This fall, 150 sophomores have a brand-new place to call home: Stanton Hall, the first student residence built on campus in nearly 50 years.
Cleveland Commons, a 500-seat dining facility expected to open its doors later this semester, represents yet another cornerstone of the Living at Whitman Initiative, launched by the Board of Trustees in 2015.
"An inspiring moment for me was giving the four RAs who work in Stanton Hall a tour last May," said Associate Dean of Students Nancy Tavelli, who has been involved in the project since its inception. "Their enthusiasm and excitement was wonderful. What I had started to take for granted after all this planning, they focused on -- the large windows, the spectacular main lounge and the beauty of the setting."
Sporting sleek solar panels, cedar ceilings, all-natural gas fireplaces and a luxurious layout, the new space is a sight to behold. Named in honor of cellular industry pioneer John Stanton '77, it comprises three wings with three floors each and features a mix of double and single rooms. Both Stanton Hall and Cleveland Commons, named for retired Dean of Students Chuck Cleveland, were designed by Portland-based Zimmer Gunsul Frasca Architects, the firm behind the Prentiss Hall and Science Building renovations.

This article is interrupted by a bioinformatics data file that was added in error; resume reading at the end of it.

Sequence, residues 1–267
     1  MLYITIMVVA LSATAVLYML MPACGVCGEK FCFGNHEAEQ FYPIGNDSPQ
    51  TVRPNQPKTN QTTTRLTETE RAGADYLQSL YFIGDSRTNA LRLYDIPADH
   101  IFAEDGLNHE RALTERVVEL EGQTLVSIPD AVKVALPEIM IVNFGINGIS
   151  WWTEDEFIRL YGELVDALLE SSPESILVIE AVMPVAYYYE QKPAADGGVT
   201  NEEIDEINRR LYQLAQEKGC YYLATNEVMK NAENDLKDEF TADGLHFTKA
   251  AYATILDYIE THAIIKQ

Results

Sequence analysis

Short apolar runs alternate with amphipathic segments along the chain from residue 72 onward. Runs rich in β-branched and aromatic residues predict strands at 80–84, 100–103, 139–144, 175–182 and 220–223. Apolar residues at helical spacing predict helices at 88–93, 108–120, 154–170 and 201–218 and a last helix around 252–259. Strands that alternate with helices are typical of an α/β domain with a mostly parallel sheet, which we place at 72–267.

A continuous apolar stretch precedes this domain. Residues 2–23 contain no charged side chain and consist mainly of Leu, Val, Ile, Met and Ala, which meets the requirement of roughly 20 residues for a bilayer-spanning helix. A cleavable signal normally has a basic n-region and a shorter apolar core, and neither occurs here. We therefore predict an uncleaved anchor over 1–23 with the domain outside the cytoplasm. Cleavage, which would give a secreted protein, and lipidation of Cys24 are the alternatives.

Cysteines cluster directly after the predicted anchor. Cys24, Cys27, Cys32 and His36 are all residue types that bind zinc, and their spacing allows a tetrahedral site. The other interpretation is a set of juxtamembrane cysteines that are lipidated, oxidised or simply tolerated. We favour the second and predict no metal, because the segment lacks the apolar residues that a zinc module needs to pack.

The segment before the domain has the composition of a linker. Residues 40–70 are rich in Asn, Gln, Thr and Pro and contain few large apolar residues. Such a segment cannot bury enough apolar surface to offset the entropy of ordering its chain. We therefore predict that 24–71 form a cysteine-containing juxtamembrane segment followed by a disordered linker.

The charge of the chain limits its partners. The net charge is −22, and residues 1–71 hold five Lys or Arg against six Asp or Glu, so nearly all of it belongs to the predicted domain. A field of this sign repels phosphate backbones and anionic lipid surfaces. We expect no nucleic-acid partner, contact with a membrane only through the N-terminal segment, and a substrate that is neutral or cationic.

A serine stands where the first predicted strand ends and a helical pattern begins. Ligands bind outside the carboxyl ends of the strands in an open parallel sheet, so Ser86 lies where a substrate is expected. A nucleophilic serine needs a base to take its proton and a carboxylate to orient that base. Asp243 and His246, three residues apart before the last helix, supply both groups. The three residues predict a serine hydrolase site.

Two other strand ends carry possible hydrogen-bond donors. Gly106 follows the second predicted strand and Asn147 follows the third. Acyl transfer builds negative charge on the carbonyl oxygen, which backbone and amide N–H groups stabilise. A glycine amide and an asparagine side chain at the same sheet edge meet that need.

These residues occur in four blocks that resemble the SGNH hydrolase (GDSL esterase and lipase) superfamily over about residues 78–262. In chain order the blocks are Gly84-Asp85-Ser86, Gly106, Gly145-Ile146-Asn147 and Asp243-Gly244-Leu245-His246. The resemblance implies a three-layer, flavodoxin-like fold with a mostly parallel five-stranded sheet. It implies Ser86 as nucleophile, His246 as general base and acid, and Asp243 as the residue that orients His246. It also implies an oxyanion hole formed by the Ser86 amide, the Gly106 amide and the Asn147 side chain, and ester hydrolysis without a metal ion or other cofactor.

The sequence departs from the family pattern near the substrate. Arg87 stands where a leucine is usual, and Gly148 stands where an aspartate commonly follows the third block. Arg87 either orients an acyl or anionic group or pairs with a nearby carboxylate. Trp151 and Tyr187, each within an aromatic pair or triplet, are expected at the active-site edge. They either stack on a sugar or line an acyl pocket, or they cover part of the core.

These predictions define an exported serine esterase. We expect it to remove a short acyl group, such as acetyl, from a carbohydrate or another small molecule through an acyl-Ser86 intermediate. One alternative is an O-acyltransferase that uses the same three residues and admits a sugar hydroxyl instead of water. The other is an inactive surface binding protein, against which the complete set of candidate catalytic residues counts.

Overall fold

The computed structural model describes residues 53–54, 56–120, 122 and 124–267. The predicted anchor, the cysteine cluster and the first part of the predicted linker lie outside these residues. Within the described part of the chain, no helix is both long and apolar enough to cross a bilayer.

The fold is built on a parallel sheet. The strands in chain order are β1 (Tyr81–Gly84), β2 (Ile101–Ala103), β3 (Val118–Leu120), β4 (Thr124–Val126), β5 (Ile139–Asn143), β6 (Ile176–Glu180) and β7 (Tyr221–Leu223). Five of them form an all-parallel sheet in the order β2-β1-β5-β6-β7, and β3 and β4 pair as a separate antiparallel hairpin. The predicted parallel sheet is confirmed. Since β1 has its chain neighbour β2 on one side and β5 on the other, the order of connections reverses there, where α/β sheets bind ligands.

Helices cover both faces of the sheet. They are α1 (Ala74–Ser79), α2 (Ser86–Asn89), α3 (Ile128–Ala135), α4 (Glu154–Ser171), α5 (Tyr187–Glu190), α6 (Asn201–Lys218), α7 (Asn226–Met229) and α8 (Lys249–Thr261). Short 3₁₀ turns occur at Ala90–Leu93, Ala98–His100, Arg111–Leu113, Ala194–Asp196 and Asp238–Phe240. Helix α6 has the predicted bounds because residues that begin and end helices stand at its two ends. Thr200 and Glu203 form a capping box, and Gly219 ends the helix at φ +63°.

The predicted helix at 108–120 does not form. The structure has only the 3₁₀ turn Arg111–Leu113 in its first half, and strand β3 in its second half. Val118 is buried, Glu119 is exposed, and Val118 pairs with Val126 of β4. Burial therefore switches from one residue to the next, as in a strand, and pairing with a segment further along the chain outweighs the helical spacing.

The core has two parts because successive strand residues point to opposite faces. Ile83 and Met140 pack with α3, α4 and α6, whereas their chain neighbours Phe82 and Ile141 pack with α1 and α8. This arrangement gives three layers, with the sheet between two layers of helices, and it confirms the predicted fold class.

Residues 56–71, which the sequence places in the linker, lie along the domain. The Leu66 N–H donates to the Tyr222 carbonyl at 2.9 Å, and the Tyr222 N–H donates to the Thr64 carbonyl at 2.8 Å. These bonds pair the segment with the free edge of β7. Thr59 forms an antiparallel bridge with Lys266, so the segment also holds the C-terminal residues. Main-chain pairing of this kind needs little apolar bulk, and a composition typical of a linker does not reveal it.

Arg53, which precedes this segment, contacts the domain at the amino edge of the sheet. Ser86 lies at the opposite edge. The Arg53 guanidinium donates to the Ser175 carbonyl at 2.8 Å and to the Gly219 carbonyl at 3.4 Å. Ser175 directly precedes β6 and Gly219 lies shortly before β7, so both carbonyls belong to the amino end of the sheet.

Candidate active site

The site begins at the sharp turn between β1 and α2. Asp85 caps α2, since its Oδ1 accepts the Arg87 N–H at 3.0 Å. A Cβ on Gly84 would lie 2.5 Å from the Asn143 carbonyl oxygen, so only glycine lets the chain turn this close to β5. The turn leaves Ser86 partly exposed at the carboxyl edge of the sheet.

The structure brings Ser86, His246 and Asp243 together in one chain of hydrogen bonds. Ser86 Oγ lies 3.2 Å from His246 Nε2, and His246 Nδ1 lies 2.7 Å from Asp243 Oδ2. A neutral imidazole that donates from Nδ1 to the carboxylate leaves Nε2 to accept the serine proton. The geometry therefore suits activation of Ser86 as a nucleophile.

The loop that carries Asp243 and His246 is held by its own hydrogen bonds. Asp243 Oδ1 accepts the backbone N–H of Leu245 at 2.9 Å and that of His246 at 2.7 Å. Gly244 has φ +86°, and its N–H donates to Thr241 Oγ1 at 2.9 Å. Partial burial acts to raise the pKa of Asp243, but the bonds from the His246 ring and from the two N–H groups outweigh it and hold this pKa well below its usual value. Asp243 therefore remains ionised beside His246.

Stanton Hall was built with the goal of achieving LEED Platinum certification. Features include 1.5 solar panels per occupant, electric vehicle charging stations, LED bulbs throughout, and low-flow water fixtures.
Funded through generous support from alumni, parents and friends of the college, the new buildings grew out of research suggesting sophomores would benefit from more community-focused accommodations. At Whitman, first-years live in just four residence halls, with about 70 percent assigned to either Anderson or Jewett Hall. Sophomores, however, were scattered between more than 20 locations, which led to some feeling less engaged. According to residence life staff, a survey also found that sophomores who live in Whitman's Interest House Community or Greek housing tend to regard their experience more positively than those who do not, further underscoring the need for stronger support systems.
"This new hall will bring sophomores together into a space that is intentionally designed to create interpersonal connections and a stronger sense of sophomore community, both through architectural design and sophomore programming," said Andrew Johnson '08, assistant director of residence life and housing.
The new dining hall is likewise intended to offer a more inclusive environment for all Whitties, with extended hours and a variety of food options available throughout the day.
"It will be a space where students, staff and faculty will be able to meet, study and hang out together," Johnson said. "Because people won't have to use a meal swipe to get into the building like our previous dining model, folks can accompany each other into the space even if one person is getting a full meal and the other only wants a coffee or just wants to tag along for fun or to continue a conversation."
For Tavelli, this emphasis on interaction is central to the mission of residence life.
"I feel strongly that this will increase connections between the classes and give both sophomores in Stanton Hall and all our students in Cleveland Commons opportunities they have not had before," she said. "I am proud to have been a part of a project that is truly transformational."